Special Alphabet 4 can be used as a logo, but the capital X is not identical with the new Twitter X logo. When directly comparing it, you can see that it slightly differs, mostly because the strokes of X logo are a bit thicker.
It’s okay to use a font, if it’s interesting enough
Now you might wonder if it’s bad to use a letter from a font, out of the box, for a logo design? Not necessarily, if it is interesting enough. And there might be a nice font where the X is, like this one.
But bear in mind, that it remains very replaceable, since anyone with that font can easily reproduce it. Bringing us to the final question …
3. Is it a good logo?
What was good enough for a podcast cover, the original usage of that clusterFONT, is far not enough for a social network. The symbol feels unbalanced and uneven, too wide, and most of all, dull. It is poorly executed when it comes to type design standards, which is best explained in this video by Will Paterson.
But even if it was optically corrected, it would not help. A good logo should be simple enough to be memorable, but also interesting enough to be unique. And this logo is way too generic to meet the second criteria. Imagine Twitter would have simply used the initial, written out with a doubled vertical stroke. That’s just not enough for an appealing look, let alone for a logo worth trademarking.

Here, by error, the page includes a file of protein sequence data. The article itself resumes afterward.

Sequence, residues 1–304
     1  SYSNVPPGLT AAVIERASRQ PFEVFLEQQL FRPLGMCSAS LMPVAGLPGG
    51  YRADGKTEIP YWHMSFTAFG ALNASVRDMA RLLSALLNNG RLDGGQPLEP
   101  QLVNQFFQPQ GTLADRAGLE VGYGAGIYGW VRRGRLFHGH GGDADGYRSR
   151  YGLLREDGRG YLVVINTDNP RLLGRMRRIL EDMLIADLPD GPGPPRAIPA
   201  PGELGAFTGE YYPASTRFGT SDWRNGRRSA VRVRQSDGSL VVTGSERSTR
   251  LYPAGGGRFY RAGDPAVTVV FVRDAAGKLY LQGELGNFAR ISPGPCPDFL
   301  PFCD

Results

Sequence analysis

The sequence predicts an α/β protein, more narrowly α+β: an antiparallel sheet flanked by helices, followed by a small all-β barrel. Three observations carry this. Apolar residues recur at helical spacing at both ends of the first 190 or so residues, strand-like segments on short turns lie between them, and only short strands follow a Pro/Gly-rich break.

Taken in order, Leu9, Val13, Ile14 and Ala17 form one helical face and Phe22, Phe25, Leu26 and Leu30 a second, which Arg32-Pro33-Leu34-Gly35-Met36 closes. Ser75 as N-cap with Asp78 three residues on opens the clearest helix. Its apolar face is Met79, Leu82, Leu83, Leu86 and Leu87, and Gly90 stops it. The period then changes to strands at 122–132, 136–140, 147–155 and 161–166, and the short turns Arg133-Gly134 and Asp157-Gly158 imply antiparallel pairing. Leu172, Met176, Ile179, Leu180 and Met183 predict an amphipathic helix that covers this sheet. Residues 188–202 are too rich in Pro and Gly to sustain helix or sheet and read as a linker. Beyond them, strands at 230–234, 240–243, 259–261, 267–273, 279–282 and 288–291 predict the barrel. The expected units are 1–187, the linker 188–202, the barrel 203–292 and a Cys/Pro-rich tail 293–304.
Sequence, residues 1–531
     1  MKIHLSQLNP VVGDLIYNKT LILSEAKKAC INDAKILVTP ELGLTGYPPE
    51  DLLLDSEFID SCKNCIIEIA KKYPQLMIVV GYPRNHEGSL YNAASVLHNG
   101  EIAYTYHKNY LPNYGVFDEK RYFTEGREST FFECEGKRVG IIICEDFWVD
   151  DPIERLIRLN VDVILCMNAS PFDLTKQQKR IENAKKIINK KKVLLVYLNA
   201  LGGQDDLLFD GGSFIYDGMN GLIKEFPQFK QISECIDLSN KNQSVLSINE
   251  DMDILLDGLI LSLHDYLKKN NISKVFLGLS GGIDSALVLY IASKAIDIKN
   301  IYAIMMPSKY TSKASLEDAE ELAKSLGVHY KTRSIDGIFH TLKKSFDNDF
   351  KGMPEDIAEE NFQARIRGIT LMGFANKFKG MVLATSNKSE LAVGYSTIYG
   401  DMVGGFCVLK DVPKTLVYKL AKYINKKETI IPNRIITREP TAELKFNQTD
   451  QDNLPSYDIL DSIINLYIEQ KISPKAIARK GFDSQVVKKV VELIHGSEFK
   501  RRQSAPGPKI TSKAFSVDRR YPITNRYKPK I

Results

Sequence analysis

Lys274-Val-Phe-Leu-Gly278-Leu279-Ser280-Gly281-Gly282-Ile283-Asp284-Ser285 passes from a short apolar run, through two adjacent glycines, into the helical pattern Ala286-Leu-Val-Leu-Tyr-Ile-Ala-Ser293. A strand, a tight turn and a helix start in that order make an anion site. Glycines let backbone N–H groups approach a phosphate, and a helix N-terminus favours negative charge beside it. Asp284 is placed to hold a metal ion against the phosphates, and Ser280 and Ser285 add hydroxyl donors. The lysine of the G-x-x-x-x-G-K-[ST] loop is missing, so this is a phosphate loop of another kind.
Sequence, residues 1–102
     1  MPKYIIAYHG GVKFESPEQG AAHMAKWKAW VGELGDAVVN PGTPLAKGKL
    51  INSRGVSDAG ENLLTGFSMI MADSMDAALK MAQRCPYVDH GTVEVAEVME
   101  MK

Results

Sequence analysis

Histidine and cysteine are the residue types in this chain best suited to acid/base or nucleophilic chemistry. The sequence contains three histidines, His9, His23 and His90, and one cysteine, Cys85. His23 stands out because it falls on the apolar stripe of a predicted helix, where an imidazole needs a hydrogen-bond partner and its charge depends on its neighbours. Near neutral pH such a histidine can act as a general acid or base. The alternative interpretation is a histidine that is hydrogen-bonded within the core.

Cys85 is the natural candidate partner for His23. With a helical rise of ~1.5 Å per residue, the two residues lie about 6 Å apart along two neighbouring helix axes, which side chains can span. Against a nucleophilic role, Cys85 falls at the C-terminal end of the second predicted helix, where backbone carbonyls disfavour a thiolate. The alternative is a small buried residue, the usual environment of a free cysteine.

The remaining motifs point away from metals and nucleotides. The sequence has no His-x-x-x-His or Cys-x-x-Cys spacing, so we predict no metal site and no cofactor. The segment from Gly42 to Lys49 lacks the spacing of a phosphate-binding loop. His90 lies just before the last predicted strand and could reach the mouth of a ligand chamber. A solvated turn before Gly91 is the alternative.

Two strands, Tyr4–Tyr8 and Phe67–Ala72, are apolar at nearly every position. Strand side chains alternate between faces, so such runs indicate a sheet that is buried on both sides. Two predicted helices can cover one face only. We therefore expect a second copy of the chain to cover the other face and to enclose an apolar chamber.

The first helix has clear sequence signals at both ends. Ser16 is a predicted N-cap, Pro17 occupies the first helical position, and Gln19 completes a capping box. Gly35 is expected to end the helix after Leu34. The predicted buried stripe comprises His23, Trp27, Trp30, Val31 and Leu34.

But what about Facebook, the New York Times, or Netflix – they also only use one character in their app icon? Yes, but a whole brand, lies beneath that one character (which by the way is much better executed).
With X that’s all there is. One little exciting white letter, on a black background. And in this way it also perfectly fits, the new stupid replaceable name! Leaving an uninspired, easy to copy and shallow impression of something that wants to be cool, but actually is just brand carnage! It’s so hard to be objective here, since Twitter meant a lot to me. To be fair, Elon posted that this is only a temporary solution, so it might evolve.